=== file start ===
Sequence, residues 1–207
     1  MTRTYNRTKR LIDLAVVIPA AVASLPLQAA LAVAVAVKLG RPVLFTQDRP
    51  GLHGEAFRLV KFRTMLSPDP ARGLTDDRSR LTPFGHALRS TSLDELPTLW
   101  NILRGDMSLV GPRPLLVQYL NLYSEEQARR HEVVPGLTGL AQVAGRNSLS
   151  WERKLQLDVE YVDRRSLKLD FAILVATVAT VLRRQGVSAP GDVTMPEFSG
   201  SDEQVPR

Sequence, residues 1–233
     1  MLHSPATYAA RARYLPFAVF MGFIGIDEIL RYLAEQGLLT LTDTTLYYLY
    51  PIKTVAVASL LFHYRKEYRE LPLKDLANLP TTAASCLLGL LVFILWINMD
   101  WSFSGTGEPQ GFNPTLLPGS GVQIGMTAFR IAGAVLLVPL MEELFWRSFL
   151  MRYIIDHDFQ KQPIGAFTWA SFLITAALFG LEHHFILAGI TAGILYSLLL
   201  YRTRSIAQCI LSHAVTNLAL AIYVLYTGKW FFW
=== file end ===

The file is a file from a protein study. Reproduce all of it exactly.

Sequence, residues 1–207
     1  MTRTYNRTKR LIDLAVVIPA AVASLPLQAA LAVAVAVKLG RPVLFTQDRP
    51  GLHGEAFRLV KFRTMLSPDP ARGLTDDRSR LTPFGHALRS TSLDELPTLW
   101  NILRGDMSLV GPRPLLVQYL NLYSEEQARR HEVVPGLTGL AQVAGRNSLS
   151  WERKLQLDVE YVDRRSLKLD FAILVATVAT VLRRQGVSAP GDVTMPEFSG
   201  SDEQVPR

Sequence, residues 1–233
     1  MLHSPATYAA RARYLPFAVF MGFIGIDEIL RYLAEQGLLT LTDTTLYYLY
    51  PIKTVAVASL LFHYRKEYRE LPLKDLANLP TTAASCLLGL LVFILWINMD
   101  WSFSGTGEPQ GFNPTLLPGS GVQIGMTAFR IAGAVLLVPL MEELFWRSFL
   151  MRYIIDHDFQ KQPIGAFTWA SFLITAALFG LEHHFILAGI TAGILYSLLL
   201  YRTRSIAQCI LSHAVTNLAL AIYVLYTGKW FFW